Here’s an example of a video on how to make a video ad on the Learn With Shopify YouTube channel. Although this piece of long-form content is a video instead of text, the same principles of organization and structure apply. The video uses timestamped sections on the progress bar to indicate how the information is grouped, along with visual title cards to indicate changes in subject. In addition, it uses visual aids such as graphics to break up the video content and offer helpful illustrative examples.
Shopify Masters is a podcast that hosts conversations with entrepreneurs and industry experts. This episode is with the founder of lifestyle jewelry brand The GLD Shop. Part case study, part conversation, it discusses the business’s operations. The interview gives insights to entrepreneurs and fans of the brand on how it landed big celebrity endorsements and brand partnerships. The audience gets to hear the company’s strategies and struggles in an engaging question and answer format.
How to create long-form content
- Choose a long-form topic
- Identify your audience
- Organize around clusters of information
- Craft your hook
- Revise for accuracy and clarity
- Add visuals
- Create a compelling title
- Promote your long-form content
Whether you’re writing long-form content or filming a long-form video, consider these steps to create the right media for your content strategy:
1. Choose a long-form topic
Topics that work well in long-form have enough detail to do a deep dive. You can provide an explanation of how something works, offer examples, and provide any helpful insights, as exampled by the Shopify guide on ecommerce. Similarly, the topics you choose for your long-form content should have a wide scope so there is room for in-depth research you can break into sections and explain clearly to your audience. This works particularly well with complex topics someone may need to access on an ongoing basis.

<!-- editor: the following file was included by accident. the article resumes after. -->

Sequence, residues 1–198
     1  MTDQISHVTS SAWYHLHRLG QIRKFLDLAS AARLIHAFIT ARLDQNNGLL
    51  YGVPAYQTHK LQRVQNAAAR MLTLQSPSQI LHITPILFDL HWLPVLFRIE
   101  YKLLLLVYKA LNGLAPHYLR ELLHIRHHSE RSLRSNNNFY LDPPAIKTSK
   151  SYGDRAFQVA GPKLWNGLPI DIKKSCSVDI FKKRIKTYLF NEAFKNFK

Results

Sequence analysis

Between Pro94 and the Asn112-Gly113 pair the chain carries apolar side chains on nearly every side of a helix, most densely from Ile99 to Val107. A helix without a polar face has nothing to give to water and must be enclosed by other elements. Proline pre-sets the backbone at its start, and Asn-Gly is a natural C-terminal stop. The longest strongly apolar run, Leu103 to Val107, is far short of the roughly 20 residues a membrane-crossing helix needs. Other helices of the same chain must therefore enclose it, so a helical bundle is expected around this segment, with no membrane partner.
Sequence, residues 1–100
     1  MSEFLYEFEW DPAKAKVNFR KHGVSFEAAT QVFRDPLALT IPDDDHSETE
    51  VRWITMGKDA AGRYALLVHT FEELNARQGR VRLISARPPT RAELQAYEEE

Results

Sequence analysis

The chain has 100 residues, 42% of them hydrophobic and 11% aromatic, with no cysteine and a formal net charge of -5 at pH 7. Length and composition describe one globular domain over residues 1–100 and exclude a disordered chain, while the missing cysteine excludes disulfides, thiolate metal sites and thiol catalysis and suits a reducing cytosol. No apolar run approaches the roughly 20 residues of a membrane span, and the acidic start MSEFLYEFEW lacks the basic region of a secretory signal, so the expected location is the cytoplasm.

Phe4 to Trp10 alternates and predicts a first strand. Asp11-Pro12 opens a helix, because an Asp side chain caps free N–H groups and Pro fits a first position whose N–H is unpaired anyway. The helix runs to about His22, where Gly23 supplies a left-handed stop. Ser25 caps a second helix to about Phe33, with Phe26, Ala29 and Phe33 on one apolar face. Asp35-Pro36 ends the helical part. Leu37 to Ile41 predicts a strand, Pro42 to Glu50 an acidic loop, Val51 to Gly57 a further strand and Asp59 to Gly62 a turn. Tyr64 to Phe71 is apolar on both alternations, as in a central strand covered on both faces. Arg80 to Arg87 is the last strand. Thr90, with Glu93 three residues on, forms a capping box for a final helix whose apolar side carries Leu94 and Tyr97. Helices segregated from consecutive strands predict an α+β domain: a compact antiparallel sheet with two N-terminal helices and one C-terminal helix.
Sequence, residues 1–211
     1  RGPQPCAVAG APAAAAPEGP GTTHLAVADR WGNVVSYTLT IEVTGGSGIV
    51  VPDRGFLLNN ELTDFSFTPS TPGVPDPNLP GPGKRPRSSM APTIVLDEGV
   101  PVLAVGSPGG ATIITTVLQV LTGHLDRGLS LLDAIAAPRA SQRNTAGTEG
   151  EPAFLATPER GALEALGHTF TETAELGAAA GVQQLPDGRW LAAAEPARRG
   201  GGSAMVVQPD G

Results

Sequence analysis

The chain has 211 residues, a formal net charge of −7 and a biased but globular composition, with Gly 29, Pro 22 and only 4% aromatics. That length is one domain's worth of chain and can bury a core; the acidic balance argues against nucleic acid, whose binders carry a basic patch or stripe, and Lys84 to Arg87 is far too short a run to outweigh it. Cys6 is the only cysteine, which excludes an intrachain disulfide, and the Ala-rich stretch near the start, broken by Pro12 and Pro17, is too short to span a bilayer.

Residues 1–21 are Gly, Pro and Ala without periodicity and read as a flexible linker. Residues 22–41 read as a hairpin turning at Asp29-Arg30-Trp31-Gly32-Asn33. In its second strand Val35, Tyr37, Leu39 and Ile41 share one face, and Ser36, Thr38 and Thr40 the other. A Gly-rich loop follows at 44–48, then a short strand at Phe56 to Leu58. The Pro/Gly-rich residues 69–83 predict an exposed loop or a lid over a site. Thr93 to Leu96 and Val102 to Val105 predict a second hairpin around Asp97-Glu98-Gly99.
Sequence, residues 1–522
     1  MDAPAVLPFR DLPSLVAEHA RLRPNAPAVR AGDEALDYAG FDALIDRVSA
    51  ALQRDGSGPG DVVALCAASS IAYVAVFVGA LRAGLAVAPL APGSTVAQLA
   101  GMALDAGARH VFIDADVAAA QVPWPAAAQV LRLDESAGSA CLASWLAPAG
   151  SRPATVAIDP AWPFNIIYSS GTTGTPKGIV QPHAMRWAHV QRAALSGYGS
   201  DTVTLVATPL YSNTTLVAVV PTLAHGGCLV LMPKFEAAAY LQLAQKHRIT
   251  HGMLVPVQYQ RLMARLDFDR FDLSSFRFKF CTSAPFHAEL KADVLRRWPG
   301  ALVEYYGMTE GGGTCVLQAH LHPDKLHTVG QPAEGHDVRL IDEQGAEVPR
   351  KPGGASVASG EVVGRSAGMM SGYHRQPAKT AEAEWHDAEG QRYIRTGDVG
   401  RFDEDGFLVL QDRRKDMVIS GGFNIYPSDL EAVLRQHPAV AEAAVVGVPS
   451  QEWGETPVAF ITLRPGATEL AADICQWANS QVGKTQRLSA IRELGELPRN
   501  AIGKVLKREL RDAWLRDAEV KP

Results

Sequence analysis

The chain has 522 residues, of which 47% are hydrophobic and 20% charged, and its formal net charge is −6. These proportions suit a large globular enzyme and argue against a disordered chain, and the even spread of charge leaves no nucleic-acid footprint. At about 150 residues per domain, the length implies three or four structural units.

Successful long-form content is also user-friendly and engaging. Before you write long-form content, consider the distribution channel. For instance, a blog is a platform better suited for extensive copy than an email. Long-form content is a natural fit for places like in-house blogs, monthly newsletters, and YouTube channels, in which visitors can spend more time digesting information.
2. Identify your audience
Defining your target audience is key to creating long-form content that adds value to its readers—and builds success for your business. Knowing your target audience can drive the angle of a piece of content. Consider a blog post written for people who have already purchased your product versus a post for people who are undecided about whether or not to purchase your product.
Researching your audience to understand their unique needs and interests helps you frame information to improve conversion rates. Tap into web analytics and social media analytics to learn more about your audience. The more relevant your content, the more likely your audience will be to consume it.
You can also use free SEO tools to research the keywords and questions people are using when searching for your brand or product category. This might indicate an unmet need for information you could provide with long-form content.
3. Organize around clusters of information
A giant block of unfocused text or a 20-minute video of a talking head can easily lose a visitor’s attention, leading them to leave in favor of content that is more structured. Effective long-form content is well organized, easy to digest, and engaging.